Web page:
Review: Originally released back in 2009 in its' epic 13-minute original form, "With More Love" remains one of Joaquin "Joe" Claussell's most endearing tracks - a gorgeous chunk of sun-kissed spiritual house rich in fluid piano solos, sunset-ready classical guitar solos, undulating bass, non-verbal vocal harmonies and the producer's bouncy Afro-Latin house beats. Happily, Clausell has decided to reissue the track, offering up two scaled-down versions that fit on one tidy seven-inch single. On the A-side you'll find the "Special 7" Edit", a six minute blast of ultra-positive dancefloor bliss that's about the most positive thing we've heard in ages. Turn to the flip for a previously unreleased instrumental take that strips the track back further, allowing the gorgeous piano solos and busy bass guitar more room to breathe.
Review: Whereas the first volume in Joaquin "Joe" Claussell's "Cosmicdelic Africa" series focused on sneaky re-edits by the Sacred Rhythm founder, this second instalment focuses on original productions "for the dancefloor and the head". In other words, Clausell has offered up DJ-friendly extended versions of some of his most cosmic, Afro-centric creations. There's much to enjoy throughout, from the psychedelic rock guitar solos, restless bass, layered Latin house rhythms and rainforest sounds of Cosmic Ritual's "Abraxas (Demo Sketch Mix)", to the piano sporting cosmic house positivity of Mampo's "Emarofo Tech (Extended Sketch Mix)", via the spaced-out electronics, hallucinatory synth lines and sparse drums of intoxicating downtempo workout "Mundo De Agua (Psyxchdelic Transfusion Mix)".
Review: Legendary New York DJ, producer and remixer Joe Claussell launches the new mixtape series for Secretsundaze. The 85 minutes mix is a typically spiritual and introspective selection recorded at The Cosmic Arts Center, Brooklyn.
Review: The sixth volume in Toy Tonics occasional "Tonic Edits" series comes courtesy of label regulars COEO, a Munich-based duo who previously proved their edit credentials via a tasty 12" on Razor-N-Tape. This collection is arguably even better than its predecessor and sees them take their rusty scalpels to a quartet of Japanese disco-pop tracks from the 1980s. There's much to admire, from the sleazy electrofunk grooves, bold pianos and sparkling pianos of "Matchbox" (A2) and the slap-bass propelled boogie goodness of the Teena Marie-esque "Uber Man" (B1), to the freestyle influenced synth-pop bounce of cheery closing cut "Tibetan Dance". Arguably best of all, though, is lead cut "Japanese Woman", a bi-lingual disco song rich in rubbery bass, Chic style guitars and sparkling synthesizer flourishes.
Review: As soon as the sun pops out, we tend to reach for exuberant, celebratory fare. Helpfully, there's plenty of that kind of sweaty, arms-aloft fare to be found on Dan Snaith's latest outing as Daphni. While his releases under the alias were once percussive and Afro-centric, this one comes with a big dollop of funk-fuelled goodness and more dancefloor weight than you can shake a stick at. Check, for example, the pots-and-pans percussion, soaring strings and low-slung bass of disco-sampling smasher "Romeo", the saucer-eyed rush of "Just", where another loved-up disco cut is smothered in loose-limbed carnival drumming, and the jazz-house-goes-breakbeat heaviness of "If". Best of all, though, is "Sizzling (Featuring Paradise)", a colossal chunk of pitched-up carnival disco-house full of ear-catching vocal refrains, rubbery bass and tropical horn blasts.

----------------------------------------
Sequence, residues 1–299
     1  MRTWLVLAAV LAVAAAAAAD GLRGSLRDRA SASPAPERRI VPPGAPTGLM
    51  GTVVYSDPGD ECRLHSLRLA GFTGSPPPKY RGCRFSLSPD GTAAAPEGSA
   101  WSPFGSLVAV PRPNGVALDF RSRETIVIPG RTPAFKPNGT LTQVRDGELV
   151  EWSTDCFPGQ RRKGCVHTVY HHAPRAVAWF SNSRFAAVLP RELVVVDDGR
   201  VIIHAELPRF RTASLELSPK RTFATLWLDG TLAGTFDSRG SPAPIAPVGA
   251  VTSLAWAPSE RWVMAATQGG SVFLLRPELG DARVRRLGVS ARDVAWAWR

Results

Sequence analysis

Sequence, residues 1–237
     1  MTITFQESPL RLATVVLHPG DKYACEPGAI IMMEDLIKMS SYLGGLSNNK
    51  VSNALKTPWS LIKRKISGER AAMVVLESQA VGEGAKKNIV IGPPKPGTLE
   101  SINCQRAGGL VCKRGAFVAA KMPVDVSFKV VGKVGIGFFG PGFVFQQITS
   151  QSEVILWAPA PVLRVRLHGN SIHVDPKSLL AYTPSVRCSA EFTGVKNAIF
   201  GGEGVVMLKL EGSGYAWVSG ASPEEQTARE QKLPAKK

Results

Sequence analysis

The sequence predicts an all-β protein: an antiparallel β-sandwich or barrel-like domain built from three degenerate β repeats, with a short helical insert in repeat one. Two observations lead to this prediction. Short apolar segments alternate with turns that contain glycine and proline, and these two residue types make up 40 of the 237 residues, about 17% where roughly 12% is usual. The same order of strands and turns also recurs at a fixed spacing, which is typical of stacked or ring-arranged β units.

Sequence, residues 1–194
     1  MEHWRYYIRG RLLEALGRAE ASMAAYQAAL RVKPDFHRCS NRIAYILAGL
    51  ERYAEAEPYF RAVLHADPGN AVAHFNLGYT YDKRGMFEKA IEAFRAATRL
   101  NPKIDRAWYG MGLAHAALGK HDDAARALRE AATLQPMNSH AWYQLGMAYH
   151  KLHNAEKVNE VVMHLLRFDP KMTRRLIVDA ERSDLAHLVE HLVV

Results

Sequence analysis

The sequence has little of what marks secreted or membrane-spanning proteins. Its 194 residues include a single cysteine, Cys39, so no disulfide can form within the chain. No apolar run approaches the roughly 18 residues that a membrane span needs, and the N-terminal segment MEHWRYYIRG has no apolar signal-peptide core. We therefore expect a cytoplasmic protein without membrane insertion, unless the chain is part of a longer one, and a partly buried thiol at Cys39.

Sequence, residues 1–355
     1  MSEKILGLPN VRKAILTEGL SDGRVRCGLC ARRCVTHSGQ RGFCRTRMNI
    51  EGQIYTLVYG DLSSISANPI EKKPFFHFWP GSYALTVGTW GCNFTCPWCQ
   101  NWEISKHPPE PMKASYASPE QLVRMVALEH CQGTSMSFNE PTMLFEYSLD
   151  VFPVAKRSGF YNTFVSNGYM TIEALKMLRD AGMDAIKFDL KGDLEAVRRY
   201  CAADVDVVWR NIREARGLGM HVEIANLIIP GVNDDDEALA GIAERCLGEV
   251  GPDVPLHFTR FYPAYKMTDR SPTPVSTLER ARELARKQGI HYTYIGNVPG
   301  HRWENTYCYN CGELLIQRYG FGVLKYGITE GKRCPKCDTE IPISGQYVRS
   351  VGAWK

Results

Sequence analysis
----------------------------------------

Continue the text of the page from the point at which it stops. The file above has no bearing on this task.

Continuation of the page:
Review: Enjoying a brief sojourn away from then 2000 Black label he's long called home, sometime 4hero member Dego pops up on Neroli with a two-tracker that blends his usual jazz-funk inspired instrumentation with warm and fragrant, dancefloor-focused grooves. The jazz-funk influence is strongest on flipside "Just Give It A Long Shot", a more languid affair rich in squiggly synth lines, toasty bass guitar, slack-tuned drum breaks and the kind of group vocals that would have once sent rare groove heads into a spin. A-side "Twelve Steps" is arguably even better, with whispered vocals, jazzy synth lines and sunny guitars wrapping around a pleasingly rubbery Brit-funk groove.
Review: In recent years, Detroit Swindle's outings away from their own Heist Recordings imprint have been few and far between, so it's nice to see them popping up on Will Saul's Aus Music imprint. He's done a good job A&R-wise, with all three tracks hitting the expected highs. The Dutch duo are in fine form with "Wado Baya", a rubbery chunk of hot-stepping Afro-house where bleeping electronic melodies and glassy-eyed chords rise above a snappy-but-bouncy groove. "Rhythm Girl Swing" sounds like a slipped and slightly skewed take on hypnotic mid-90s house - all trippy riffs and slowly rising filtered motifs - while "Vibrations" sees them join the dots between warm and woozy early '90s deep house and organ-rich New Jersey flavours.
Review: Having previously collaborated on tasty 2013 single "Speckbass", partners in audio insanity DJ Fett Burger and DJ Speckgurtel have united for a full-length excursion full of "dance music for clubs and pubs and some easy-going jams to jazz the sheets". In practice, that means a saucer-eyed mixture of retro-futurist house treats (see jaunty opener "Harpo" and the Italo-house giddiness of "6Drops (Piano Mix)", loved-up deep electro (the spacey warmth of "Red Scorpions"), unashamed Larry Heard tributes ("Sunshine In The Limousine"), densely percussive peak-time workouts ("Enjoy This Limousine"), ragged acid ("6Drops (Technocid Mix)"), rushing Balearic synth-pop ("Sting Collins") and chiming, early '90s style ambient house (the beat free lusciousness of "Sonnen Ambiente").